NOD2/caspase recruitment domain protein 15 mutations seen in human Crohn disease. A disease susceptibility gene linked to the innate immune response has been identified. It is the caspase recruitment domain protein 15 (CARD15) gene, which encodes NOD2, and that is located in the previously defined disease susceptiptibility region at chromosome 16q12 known as inflammatory bowel disease-1 (IBD1). A mutant form of NOD2 is present in some 10%–20% of Caucasian patients with Crohn disease, with three specific mutations — Arg702Trp, Gly908Arg, and a frameshift deletion mutation at Leu1007 — accounting for 82% of all Crohn-associated CARD15 mutations (22, 23). Patients homozygous for these mutations have a 20- to 40-fold increased risk for disease development, whereas heterozygotes have only a 2- to 4-fold increased risk. NOD2 belongs to a family of intracellular proteins possessing a NOD linked at its carboxy terminus by a leucine-rich repeat (LRR) domain (19). The LRR domain is the microbial component recognition unit and is structurally similar to the LRR recognition unit found in TLRs, whereas the NOD domain is important in the activation of the molecule following its recognition of ligand. In some members of this protein family, such as NOD1 and NOD2, the NOD domain is linked at its aminoterminal end to a CARD domain and activation of the NOD molecule leads to activation of a second molecule known as receptor interacting protein–like interacting caspase-like apoptosis regulatory protein kinase, RICK, (also known as RIP2) (24). The latter then causes downstream activation of the key proinflammatory transcription factor, NF-κB, by promoting ubiquitination of IκB kinase γ (IKKγ) (25). The microbial ligand recognized by NOD2 is a peptide fragment, muramyl dipeptide (MDP), derived from peptidoglycan (PGN), a component of the bacterial wall of virtually all bacteria. NOD2 is expressed in APCs and in epithelial cells at the base of small intestinal crypts known as Paneth cells. Thus, its dysfunction in either of these cell types could be involved in the pathogenesis of Crohn disease.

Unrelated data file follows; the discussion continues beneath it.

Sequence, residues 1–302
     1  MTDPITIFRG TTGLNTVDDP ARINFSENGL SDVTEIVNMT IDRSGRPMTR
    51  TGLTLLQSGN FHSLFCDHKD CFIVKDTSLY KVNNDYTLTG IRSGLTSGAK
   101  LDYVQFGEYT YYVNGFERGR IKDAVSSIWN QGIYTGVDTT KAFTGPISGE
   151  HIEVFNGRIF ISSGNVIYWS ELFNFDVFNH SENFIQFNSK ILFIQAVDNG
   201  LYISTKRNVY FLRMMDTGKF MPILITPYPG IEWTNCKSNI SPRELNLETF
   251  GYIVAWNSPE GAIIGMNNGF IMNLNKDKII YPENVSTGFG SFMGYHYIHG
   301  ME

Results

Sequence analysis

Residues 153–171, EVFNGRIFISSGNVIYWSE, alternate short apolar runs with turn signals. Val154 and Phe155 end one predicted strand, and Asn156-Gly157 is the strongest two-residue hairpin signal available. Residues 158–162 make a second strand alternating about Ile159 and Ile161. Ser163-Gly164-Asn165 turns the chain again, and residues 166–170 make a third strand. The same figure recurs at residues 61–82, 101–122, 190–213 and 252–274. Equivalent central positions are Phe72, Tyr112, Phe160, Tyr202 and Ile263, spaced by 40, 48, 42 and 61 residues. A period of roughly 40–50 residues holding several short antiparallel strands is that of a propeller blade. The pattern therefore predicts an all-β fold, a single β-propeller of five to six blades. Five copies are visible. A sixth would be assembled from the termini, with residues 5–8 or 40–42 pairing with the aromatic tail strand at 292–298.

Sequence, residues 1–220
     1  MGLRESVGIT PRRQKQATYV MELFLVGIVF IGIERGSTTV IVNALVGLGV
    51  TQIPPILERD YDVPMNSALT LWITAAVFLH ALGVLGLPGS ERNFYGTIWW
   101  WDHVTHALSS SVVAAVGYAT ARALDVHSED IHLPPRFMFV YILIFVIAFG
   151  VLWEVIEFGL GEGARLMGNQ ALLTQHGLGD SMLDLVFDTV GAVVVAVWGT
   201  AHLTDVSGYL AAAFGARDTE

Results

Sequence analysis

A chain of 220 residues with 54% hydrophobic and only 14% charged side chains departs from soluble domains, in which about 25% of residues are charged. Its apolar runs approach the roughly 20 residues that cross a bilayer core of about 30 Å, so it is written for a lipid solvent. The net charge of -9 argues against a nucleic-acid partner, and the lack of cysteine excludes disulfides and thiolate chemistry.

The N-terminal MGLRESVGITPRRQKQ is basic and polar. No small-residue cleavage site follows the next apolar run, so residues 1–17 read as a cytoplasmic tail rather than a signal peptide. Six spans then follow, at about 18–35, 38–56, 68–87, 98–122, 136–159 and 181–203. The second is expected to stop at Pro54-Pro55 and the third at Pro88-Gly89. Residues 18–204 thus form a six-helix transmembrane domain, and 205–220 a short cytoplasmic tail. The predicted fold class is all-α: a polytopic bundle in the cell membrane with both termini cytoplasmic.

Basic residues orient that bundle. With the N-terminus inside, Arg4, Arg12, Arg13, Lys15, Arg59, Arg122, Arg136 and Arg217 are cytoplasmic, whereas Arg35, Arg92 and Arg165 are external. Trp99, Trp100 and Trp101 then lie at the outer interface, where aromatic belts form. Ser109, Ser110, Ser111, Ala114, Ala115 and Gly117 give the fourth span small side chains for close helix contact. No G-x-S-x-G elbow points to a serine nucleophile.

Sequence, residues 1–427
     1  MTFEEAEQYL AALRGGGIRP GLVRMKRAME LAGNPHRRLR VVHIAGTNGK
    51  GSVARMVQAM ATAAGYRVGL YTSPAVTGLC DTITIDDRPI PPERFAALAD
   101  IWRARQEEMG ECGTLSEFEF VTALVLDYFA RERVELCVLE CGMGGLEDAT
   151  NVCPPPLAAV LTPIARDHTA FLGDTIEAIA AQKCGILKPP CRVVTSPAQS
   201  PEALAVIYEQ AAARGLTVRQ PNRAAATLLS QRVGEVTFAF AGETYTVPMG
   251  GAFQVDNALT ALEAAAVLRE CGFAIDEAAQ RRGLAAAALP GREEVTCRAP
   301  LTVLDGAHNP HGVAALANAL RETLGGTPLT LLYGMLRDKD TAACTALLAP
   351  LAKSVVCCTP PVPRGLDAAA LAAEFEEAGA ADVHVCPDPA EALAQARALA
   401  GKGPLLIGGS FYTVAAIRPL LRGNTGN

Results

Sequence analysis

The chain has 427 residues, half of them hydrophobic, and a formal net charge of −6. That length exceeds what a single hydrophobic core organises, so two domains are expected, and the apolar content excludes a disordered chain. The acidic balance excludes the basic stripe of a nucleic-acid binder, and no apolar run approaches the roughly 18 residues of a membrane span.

Initial study of NOD2 function revealed that exposure of APCs to MDP induced NOD2 to stimulate low-level activation of NF-κB and the production of NF-κB–dependent inflammatory factors such as IL-8 (26). Thus, it was not surprising that constructs of NOD2 mutations found in Crohn disease manifested decreased NF-κB activation and function in some in vitro studies (18). This posed a dilemma: how can one explain the occurrence of increased inflammation dependent on NF-κB in individuals bearing a mutation impairing NF-κB activation? One answer was to postulate that the impaired NOD2 function led to a host defense defect that allowed increased bacterial colonization of the gut wall, and then later, in turn, led to stimulation of NF-κB via NOD2-independent mechanisms. Another hypothesis was prompted by the observation that the ligand for TLR2, PGN, the parent molecule of MDP, can activate NF-κB independently of NOD2 (27). These data showed that, quite surprisingly, APCs from NOD2-deficient mice had substantially increased IL-12 responses when stimulated with PGN as compared with NOD2-intact APCs (other TLR ligand responses were equivalent). In addition, they showed that the PGN-driven IL-12 responses of NOD2-intact APCs were inhibited by the presence of MDP, but NOD2-deficient APC responses were not. Additional data showed that in the absence of NOD2 signaling, TLR2 stimulation by PGN gave rise to increased NF-κB activation, especially of c-Rel, an NF-κB component critical to IL-12 transcription (19). The most reasonable interpretation of these findings was that activation of NOD2 by MDP, while it may lead to low-level NF-κB activation on its own, leads to overall downregulation of NF-κB by its simultaneous dampening effect on PGN-stimulated TLR2 activity. Thus, TLR2 and NOD2 function appeared to be linked via PGN, and the NOD2 mutations led to a gain-of-function abnormality and increased activation of NF-κB.